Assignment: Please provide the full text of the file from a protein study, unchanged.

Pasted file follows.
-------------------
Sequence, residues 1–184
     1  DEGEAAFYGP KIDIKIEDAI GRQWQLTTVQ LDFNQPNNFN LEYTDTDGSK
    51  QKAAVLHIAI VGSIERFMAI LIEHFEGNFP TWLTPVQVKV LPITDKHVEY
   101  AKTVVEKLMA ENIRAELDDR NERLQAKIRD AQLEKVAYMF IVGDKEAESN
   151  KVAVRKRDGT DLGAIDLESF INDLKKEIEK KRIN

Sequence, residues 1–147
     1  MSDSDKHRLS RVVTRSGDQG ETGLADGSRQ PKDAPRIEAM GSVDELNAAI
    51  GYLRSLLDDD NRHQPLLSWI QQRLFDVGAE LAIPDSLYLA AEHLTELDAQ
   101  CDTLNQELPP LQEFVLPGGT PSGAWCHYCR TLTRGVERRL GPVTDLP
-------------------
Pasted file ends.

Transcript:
Sequence, residues 1–184
     1  DEGEAAFYGP KIDIKIEDAI GRQWQLTTVQ LDFNQPNNFN LEYTDTDGSK
    51  QKAAVLHIAI VGSIERFMAI LIEHFEGNFP TWLTPVQVKV LPITDKHVEY
   101  AKTVVEKLMA ENIRAELDDR NERLQAKIRD AQLEKVAYMF IVGDKEAESN
   151  KVAVRKRDGT DLGAIDLESF INDLKKEIEK KRIN

Sequence, residues 1–147
     1  MSDSDKHRLS RVVTRSGDQG ETGLADGSRQ PKDAPRIEAM GSVDELNAAI
    51  GYLRSLLDDD NRHQPLLSWI QQRLFDVGAE LAIPDSLYLA AEHLTELDAQ
   101  CDTLNQELPP LQEFVLPGGT PSGAWCHYCR TLTRGVERRL GPVTDLP